Similar to the oil eaters/degreasers, the chemicals in this cleaner will break down the oil and let you rinse it away.
Spray the cleaner onto the stain and let it sit for ten to fifteen minutes, then use a cleaning brush to dislodge the oil further. Rinse and repeat as necessary.
3. Baking soda and liquid detergent
Similar to dealing with fresh stains, baking soda can also help get rid of old oil stains.
Apply the baking soda to the stain and wait for twenty to thirty minutes for the concrete to absorb it, then rinse it away.
Try scrubbing the baking soda into the concrete with a wet scrub brush if you need to repeat the process.
For liquid detergent, pour a generous amount onto the oil stain and add water. Scrub using a stiff scrub brush, then rinse to check your work.
As always, repeat as necessary.
4. Vinegar and vegetable oil
Here are more common household items that can clean up your driveway or garage floor. Vinegar happens to be a great way to clean concrete.
Start with the vinegar, pour it on top of the stain, and then sit for a few minutes. If you rinse and the stain is still there, apply some baking soda, apply additional vinegar and scrub vigorously.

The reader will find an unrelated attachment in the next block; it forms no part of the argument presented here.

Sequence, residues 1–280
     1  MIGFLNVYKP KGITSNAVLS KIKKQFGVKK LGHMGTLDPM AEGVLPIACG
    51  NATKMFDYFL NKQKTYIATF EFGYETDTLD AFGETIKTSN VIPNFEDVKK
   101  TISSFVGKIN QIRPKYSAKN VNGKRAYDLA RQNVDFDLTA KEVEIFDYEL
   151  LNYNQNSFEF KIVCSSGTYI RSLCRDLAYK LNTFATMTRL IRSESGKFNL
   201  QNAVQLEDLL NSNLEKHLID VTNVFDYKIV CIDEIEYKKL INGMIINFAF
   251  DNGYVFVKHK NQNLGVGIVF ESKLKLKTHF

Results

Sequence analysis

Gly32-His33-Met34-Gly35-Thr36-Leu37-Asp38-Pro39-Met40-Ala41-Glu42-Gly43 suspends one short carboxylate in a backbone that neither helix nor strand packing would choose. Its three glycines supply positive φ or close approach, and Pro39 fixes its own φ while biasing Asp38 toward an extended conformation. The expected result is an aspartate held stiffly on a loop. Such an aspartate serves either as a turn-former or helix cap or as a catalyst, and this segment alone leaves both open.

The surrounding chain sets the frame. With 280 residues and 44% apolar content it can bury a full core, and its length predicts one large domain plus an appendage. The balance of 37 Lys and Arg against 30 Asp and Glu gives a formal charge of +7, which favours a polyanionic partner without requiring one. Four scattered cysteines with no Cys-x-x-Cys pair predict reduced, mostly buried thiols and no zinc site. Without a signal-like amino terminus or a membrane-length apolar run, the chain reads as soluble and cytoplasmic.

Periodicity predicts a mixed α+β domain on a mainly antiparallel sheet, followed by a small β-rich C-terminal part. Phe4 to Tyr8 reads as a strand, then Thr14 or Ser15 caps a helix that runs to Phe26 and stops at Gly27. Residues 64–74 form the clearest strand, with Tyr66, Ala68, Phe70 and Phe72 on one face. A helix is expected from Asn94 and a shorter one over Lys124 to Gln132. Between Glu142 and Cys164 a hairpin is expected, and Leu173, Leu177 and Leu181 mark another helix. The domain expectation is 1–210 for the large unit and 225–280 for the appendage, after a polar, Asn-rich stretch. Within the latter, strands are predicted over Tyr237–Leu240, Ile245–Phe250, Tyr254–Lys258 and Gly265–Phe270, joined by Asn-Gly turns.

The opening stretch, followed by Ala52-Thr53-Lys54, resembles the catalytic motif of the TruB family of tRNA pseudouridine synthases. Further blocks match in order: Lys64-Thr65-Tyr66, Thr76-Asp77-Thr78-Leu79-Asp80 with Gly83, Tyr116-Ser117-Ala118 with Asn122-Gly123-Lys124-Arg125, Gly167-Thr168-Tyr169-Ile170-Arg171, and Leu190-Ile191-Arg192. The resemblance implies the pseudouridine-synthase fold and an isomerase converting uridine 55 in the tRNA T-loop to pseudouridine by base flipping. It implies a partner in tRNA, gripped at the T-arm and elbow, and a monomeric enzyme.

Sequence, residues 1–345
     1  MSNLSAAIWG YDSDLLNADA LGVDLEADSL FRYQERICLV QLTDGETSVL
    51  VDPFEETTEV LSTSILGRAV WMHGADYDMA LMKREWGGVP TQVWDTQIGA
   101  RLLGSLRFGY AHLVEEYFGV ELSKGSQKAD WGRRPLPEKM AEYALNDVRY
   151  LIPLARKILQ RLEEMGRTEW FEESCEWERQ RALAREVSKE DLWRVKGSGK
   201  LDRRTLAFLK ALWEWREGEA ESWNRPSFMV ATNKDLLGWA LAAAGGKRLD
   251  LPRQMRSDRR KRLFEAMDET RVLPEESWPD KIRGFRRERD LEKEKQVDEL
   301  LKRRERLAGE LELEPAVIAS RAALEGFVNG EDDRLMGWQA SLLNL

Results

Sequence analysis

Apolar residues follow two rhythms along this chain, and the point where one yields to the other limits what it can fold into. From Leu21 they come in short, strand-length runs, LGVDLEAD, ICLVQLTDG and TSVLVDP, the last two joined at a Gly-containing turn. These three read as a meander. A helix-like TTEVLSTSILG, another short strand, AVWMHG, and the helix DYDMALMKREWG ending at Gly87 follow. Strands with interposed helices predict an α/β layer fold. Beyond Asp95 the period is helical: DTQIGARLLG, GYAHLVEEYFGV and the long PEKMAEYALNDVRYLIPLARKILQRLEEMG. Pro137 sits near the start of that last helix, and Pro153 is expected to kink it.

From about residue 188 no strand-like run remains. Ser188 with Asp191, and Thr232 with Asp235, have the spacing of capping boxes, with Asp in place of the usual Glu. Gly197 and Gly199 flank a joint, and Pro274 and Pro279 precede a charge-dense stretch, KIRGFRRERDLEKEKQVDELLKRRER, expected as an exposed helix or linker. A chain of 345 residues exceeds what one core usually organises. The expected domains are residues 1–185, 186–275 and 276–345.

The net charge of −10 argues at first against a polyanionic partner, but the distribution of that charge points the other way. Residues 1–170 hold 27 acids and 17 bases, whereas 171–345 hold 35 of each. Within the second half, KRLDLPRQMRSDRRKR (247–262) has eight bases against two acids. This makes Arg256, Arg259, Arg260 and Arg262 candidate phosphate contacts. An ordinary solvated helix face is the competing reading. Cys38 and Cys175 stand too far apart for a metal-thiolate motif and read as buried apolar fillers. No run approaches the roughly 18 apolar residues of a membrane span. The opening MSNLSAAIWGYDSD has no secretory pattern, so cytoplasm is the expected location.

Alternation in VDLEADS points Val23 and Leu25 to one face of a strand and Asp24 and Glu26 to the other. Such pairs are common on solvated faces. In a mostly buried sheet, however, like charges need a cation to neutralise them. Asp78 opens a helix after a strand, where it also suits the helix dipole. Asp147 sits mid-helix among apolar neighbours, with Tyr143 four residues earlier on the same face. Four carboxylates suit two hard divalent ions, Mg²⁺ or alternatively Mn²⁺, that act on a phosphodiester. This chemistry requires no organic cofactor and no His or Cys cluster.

Do the same method with vegetable oil if the vinegar isn’t working as well as you’d like.
Surprisingly, grease counters grease effectively.
A poultice can be made out of numerous materials. However, for an oil stain, it’s best to use an absorbent material like ground sawdust and a combination of soap and hot water.
To properly use your poultice, pour water over the oil stain and apply the paste. Let it soak until the paste is dry.
Once dry, scrape off the poultice and check the status of the stain. Repeat as necessary until the oil stain is gone.
If you prefer to purchase the poultice rather than make it yourself, you can buy it online or at your local hardware store.
6. Coke is it
If you need that stain gone asap and you have a couple of cans of Coke in your fridge, I have great news for you.
Coke has been used as a stain remover for generations and can remove oil stains in concrete.
All you need to do is pour two cans of Coke on top of the oil stain, then wait a day. Rinse off the spot, and your driveway or garage floor should look good as new.
If not, try a few more cans and wait another day.
Using just one of the above methods may solve your problem.
Still, if you want to attack with the kitchen sink approach, you can combine multiple solutions at once. You can use the cat litter, baking soda/laundry detergent, Coke, and bleach in tandem. It is necessary to wear the proper safety gear since you’re mixing chemicals.
Please wear rubber gloves and goggles to prevent any unwanted accidents.
Start by applying the cat litter on top of the stain. Next, pour Coke over the stain and mix the concoction with an old or unwanted broom. Let it sit for twenty to thirty minutes.
While you wait, mix 1/4 of a cup of laundry detergent with 1/4 of a cup of bleach in a gallon of warm water. Use this to rinse off the litter and Coke.
Once the spot dries, the oil stain should be nonexistent.